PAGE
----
After exploring the science behind chemotherapy improving T cell trafficking into the tumour yesterday – which is one of the key rate limiting issues that need to be addressed with immunotherapies such as checkpoint blockade – some obvious follow-up questions comes to mind:
- Does the compelling data in mice translate to humans?
- Can chemotherapy turn a cold tumour into a hot one?
- Will patients have improved outcomes as a result – or not?
It’s easy to dismiss traditional therapies in favour of appealing new developments, but what happens when we combine them? Do we get additive effects, synergies or a negative impact?
As part of our ongoing AACR coverage, we explored this conundrum in the context of new data readouts, as well as the broader competitive landscape.
What we found was really interesting!
BMS, Merck and Genentech/Roche all have trials ongoing in the metastatic colorectal cancer space, with very different approaches being taken. Does it matter? Which one’s driving the bus? We summarise these trials and offer some strategic insights on this niche.
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Acute Myeloid Leukemia (AML) is usually a disease of the elderly and an area of high unmet medical need, especially in those who unfortunately relapse post stem cell transplantation (SCT) or are considered ineligible for a transplant. In some ways, it has languished in the graveyard of R&D with very few new therapies approved by the FDA or EMA over the last decade. In fact, it has been quite the opposite with Pfizer’s gemtuzumab ozogamicin (Mylotarg), an anti-CD33 antibody drug conjugate (ADC) approved and subsequently withdrawn from the US marketplace following lack of confirmatory phase III data.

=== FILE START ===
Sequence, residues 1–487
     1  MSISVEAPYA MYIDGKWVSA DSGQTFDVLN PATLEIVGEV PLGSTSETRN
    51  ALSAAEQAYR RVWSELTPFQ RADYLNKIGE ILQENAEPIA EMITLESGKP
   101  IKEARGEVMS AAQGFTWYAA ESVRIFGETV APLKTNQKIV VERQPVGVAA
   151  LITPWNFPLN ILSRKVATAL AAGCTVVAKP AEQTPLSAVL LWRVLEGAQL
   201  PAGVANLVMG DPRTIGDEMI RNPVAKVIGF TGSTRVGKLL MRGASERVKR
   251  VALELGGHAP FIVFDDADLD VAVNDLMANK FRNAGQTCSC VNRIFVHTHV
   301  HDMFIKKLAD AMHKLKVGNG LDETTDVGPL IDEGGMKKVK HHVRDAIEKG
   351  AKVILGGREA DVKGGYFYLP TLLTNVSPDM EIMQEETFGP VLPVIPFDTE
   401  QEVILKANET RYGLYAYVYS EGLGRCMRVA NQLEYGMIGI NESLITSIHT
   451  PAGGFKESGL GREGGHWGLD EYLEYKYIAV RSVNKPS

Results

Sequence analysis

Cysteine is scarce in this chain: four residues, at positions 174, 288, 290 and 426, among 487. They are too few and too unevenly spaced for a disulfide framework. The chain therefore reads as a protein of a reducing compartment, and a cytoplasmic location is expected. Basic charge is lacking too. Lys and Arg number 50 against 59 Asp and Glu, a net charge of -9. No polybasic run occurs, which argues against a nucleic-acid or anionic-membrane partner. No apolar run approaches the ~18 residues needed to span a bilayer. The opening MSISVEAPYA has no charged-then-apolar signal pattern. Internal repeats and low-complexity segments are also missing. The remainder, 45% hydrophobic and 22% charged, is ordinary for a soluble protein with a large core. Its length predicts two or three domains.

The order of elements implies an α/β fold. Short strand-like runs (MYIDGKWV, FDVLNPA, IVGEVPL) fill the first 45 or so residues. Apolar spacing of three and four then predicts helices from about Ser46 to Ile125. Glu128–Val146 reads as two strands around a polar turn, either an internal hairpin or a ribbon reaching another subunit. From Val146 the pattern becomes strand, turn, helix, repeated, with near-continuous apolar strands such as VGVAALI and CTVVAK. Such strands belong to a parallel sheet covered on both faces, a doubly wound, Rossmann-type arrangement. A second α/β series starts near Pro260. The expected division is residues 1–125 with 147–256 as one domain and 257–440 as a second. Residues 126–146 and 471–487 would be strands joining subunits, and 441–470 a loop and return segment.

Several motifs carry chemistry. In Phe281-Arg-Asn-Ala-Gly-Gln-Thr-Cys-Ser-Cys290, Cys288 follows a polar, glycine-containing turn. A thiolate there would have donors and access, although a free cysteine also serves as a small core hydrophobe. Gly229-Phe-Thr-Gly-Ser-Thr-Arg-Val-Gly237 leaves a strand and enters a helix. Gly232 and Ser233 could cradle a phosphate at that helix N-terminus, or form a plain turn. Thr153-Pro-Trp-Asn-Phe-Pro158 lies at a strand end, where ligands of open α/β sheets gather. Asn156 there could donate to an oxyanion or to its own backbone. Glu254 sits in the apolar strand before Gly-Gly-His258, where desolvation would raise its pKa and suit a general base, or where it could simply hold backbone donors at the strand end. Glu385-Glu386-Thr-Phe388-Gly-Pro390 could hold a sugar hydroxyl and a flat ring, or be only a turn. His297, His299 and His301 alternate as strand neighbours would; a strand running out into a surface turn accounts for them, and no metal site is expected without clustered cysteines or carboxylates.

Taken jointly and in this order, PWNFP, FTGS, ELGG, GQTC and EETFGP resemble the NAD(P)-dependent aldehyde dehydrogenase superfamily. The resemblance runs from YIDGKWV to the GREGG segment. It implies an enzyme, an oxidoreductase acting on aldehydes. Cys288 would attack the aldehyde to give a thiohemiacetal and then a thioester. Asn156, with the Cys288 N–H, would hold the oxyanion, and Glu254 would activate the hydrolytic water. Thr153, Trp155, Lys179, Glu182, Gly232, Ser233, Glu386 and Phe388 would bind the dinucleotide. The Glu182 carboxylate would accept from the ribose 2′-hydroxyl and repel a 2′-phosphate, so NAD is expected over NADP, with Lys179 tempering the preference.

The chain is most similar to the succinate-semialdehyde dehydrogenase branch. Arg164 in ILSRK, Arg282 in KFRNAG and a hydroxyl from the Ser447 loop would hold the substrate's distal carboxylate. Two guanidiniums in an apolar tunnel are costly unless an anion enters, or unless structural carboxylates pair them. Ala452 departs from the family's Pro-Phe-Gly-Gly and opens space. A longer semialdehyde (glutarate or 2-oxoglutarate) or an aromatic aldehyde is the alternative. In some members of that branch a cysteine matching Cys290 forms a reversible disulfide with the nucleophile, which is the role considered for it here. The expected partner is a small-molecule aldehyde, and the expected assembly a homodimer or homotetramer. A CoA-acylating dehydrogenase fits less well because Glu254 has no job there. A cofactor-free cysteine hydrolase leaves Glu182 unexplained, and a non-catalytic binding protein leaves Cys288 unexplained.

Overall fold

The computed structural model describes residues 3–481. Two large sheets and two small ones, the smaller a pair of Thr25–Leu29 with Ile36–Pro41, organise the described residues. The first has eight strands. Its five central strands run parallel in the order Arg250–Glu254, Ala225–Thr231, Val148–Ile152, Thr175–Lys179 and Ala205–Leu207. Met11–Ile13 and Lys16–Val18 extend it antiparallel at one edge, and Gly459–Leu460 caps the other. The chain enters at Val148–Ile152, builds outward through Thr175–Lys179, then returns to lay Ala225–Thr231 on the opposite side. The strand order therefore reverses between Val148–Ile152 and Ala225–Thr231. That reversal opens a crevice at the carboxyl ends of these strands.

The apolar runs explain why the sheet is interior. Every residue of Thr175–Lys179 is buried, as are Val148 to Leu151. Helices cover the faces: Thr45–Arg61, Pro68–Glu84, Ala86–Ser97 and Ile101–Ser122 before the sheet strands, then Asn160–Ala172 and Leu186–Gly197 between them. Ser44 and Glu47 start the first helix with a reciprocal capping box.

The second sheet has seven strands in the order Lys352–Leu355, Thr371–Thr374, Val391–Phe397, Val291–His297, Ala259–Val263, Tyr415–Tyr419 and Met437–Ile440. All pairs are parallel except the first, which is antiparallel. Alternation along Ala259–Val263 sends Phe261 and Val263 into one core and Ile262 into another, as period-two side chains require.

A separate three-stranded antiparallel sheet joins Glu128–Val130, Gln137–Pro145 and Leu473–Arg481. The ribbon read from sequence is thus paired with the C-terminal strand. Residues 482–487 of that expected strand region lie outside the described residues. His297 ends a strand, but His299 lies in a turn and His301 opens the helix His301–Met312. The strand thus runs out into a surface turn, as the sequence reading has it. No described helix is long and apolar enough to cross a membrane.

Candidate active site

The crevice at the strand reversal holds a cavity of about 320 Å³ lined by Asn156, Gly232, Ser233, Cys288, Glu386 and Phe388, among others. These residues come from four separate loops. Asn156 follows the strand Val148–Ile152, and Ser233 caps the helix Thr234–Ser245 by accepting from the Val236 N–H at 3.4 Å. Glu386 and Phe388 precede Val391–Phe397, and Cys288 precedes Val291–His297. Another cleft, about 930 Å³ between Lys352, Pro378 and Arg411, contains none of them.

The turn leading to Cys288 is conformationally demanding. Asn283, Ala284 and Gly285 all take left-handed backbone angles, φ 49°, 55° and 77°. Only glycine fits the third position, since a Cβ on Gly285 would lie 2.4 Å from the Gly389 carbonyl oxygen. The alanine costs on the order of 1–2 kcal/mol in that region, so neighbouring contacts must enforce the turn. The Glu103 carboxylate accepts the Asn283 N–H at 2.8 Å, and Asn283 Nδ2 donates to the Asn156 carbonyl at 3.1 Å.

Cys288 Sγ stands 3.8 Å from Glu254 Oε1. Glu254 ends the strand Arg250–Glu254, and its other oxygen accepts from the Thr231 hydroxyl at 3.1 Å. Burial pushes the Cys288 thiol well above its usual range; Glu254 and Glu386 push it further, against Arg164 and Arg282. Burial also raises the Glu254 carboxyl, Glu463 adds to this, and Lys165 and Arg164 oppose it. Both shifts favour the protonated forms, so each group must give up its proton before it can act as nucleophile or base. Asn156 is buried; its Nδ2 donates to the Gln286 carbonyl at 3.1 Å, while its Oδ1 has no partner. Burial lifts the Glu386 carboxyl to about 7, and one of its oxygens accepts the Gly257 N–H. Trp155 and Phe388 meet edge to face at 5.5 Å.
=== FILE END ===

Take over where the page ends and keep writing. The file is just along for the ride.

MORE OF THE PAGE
The list of agents, targeted and and cytotoxics, that have been evaluated and found wanting in the elderly AML setting is very long. These patients are usually considered ineligible for transplant and rather challenging to treat given the concomittant co-morbidities and often frail performance status often exclude them from drug clinical trials also. A number of phase II trials have also generated promising efficacy data, only to fall short in larger randomised studies.
There are now a new raft of compounds in development, quite a few with data at ASCO or EHA, making it a suitable time for an update of the AML landscape.
Companies mentioned: Karyopharm, Astellas, Ambit, Arog, Sunesis, Celgene, Novartis, Genentech, Agios
Compounds mentioned: selinexor, ASP2215, crenolanib, quizartinib, trebananib, vosaroxin, Vidaza, midostaurin, ABT-199, GDC-0199, AG–221, TIM3.
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